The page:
Azaleas have been known to live several hundred years, according to the Azalea Society of America. They have minimal care requirements to maintain their overall health and prevent disease. When an azalea becomes afflicted with a disorder or pest it begins to exhibit symptoms such as yellowing leaves. When the culprit is identified and treated early the azalea will suffer no adverse affects and will go on to live a healthy life.
An azalea begins to suffer from chlorosis when there is a serious iron deficiency in the soil. This occurs when the pH of the soil is high. The plants leaves turn light green and then fade to yellow. The veins of the leaves remain green, but the rest of the leaf turns brilliant yellow and finally paper white. The yellowing foliage begins on the top of the shrub and gradually works its away downward until the entire shrub appears sick.
Treat the soil by adding iron chelate, fine sulfur or ferrous sulfate according to the Azalea Society of America. Spraying the foliage of the azalea with iron chelate will help the plant recover its overall green appearance within one week of application.
The spider mite feeds on the underside of the azalea leaves and stems by sucking the sap from the shrub using its powerful mouth. The destructive eating causes the leaves to appear blotchy yellow . The tiny insects often appear red, brown or black. The mites are quite small and often hard to see with the naked eye. Look for fine webbing on the azalea's foliage for an indication of spider mite infestation.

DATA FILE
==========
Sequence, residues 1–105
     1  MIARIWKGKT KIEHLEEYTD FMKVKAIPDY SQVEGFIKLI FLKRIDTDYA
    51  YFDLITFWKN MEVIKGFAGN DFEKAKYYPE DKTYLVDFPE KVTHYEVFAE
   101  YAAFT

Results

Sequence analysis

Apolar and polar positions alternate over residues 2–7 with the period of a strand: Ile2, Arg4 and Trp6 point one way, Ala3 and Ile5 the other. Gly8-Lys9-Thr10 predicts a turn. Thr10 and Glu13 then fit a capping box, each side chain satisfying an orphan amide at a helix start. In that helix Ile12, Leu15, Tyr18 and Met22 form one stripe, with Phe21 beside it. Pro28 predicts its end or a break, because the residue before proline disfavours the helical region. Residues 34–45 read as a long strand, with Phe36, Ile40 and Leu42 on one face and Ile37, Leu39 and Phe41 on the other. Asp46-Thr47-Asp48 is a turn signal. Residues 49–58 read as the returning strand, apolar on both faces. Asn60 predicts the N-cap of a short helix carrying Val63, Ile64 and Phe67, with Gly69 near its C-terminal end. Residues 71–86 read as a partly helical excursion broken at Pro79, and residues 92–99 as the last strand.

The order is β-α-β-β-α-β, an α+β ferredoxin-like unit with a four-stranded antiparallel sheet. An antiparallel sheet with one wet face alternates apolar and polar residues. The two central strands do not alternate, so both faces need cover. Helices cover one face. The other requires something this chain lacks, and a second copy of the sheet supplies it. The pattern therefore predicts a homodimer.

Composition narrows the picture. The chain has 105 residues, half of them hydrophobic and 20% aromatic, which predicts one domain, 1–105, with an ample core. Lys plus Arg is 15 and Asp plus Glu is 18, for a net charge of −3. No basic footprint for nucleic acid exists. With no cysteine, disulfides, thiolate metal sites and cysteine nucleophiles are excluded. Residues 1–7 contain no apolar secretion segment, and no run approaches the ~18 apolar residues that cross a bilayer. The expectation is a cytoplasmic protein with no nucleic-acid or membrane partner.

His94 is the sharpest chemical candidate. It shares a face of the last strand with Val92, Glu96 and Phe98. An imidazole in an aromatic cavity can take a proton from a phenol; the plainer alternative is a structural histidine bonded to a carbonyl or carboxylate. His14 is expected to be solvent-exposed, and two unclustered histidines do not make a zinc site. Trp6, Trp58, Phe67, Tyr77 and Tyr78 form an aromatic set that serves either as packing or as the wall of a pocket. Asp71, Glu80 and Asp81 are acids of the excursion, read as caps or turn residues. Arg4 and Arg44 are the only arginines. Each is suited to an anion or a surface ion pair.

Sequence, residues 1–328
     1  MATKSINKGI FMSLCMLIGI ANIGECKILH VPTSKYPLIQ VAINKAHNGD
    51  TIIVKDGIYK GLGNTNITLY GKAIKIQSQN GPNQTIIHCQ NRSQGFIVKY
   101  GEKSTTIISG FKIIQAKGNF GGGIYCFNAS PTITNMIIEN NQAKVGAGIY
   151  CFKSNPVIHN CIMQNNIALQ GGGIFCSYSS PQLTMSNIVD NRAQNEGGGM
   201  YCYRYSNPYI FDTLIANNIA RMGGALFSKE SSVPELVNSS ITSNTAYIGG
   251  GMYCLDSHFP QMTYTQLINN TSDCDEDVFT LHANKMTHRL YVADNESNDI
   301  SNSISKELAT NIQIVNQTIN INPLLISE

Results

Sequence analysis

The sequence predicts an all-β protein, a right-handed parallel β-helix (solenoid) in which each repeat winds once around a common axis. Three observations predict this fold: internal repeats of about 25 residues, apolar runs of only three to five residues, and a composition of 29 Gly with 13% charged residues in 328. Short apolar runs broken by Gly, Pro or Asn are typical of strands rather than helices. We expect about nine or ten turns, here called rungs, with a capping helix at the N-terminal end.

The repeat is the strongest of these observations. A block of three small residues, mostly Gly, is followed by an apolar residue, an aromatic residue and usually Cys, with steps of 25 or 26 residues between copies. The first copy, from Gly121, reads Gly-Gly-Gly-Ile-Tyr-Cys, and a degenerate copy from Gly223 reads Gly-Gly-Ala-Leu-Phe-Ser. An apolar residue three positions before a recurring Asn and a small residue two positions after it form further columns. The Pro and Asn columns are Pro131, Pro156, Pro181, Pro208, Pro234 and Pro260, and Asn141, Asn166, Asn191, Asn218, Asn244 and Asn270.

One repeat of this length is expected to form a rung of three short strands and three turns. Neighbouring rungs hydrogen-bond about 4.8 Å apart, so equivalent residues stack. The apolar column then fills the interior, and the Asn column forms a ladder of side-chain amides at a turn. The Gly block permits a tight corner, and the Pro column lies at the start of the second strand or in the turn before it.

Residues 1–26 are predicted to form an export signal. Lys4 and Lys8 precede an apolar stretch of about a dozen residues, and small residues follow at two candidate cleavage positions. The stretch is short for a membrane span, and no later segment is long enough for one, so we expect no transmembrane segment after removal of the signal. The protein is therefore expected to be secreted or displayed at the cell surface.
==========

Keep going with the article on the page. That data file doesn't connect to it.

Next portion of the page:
Control spider mites using acephate or dimethoate. Focus on the underside of the leaves when spraying with the insecticide. Repeat the application in 7 days for full control.
Spraying the azalea shrub's foliage every few days with a high burst of water also helps remove spider mites without the use of insecticides. But washing the foliage must be repeated every few days.
The stunt nematode (Tylenchorhynchus claytoni) turns the leaves of the azalea yellow. The plant will also be seriously stunted in growth. The insects live within the soil and consume the feeder roots of the shrub. A heavy infestation causes the shrub to die quickly. There is no cure or control methods available. Fertilizing and feeding the azalea to help maintain its overall health often extends the shrub's life. Once an azalea suffers from stunt nematodes, do not replant a new azalea in the same location.
Phytophthora Root Rot
Phytophthora root rot causes the azalea's leaves to turn yellow but the veins to remain green. The leaves will begin to rapidly fall from the shrub. Once the leaves drop off a branch it dies completely until the entire shrub perishes. Roots take on a reddish-brown appearance. The upper roots become extremely brittle. The discoloration soon spreads to all the roots and begins to make its way up the trunk of the azalea.
The disease is prolific in areas that offer poor drainage. Prevent azaleas from becoming afflicted by planting only in a well draining location. Plant azaleas in raised flower beds in area where the soil is clay, according to North Carolina State University.